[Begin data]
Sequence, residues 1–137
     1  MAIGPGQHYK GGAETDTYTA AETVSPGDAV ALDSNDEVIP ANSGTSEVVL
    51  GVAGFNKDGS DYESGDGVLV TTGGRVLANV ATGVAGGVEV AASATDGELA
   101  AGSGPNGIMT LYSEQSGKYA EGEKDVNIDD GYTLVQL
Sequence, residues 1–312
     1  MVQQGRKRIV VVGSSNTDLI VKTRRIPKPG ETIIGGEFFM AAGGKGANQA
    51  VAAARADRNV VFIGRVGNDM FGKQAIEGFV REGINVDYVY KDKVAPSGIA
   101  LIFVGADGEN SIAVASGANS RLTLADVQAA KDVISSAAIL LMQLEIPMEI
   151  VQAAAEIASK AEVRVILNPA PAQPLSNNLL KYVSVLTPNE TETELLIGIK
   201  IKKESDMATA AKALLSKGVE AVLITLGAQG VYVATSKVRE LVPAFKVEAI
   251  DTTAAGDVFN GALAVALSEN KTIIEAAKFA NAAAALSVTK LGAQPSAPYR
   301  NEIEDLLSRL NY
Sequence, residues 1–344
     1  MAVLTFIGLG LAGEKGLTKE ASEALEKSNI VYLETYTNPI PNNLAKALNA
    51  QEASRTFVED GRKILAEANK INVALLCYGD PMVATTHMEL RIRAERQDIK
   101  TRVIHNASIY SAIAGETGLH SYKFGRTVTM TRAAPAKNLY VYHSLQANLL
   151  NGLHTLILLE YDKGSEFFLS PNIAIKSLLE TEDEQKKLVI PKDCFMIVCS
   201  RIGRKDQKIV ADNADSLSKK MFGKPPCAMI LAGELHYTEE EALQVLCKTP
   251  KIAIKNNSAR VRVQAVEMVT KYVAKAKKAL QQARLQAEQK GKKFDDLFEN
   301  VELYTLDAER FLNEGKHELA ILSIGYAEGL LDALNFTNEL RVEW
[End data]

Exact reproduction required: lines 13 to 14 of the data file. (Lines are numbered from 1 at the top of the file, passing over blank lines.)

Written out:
Sequence, residues 1–344
     1  MAVLTFIGLG LAGEKGLTKE ASEALEKSNI VYLETYTNPI PNNLAKALNA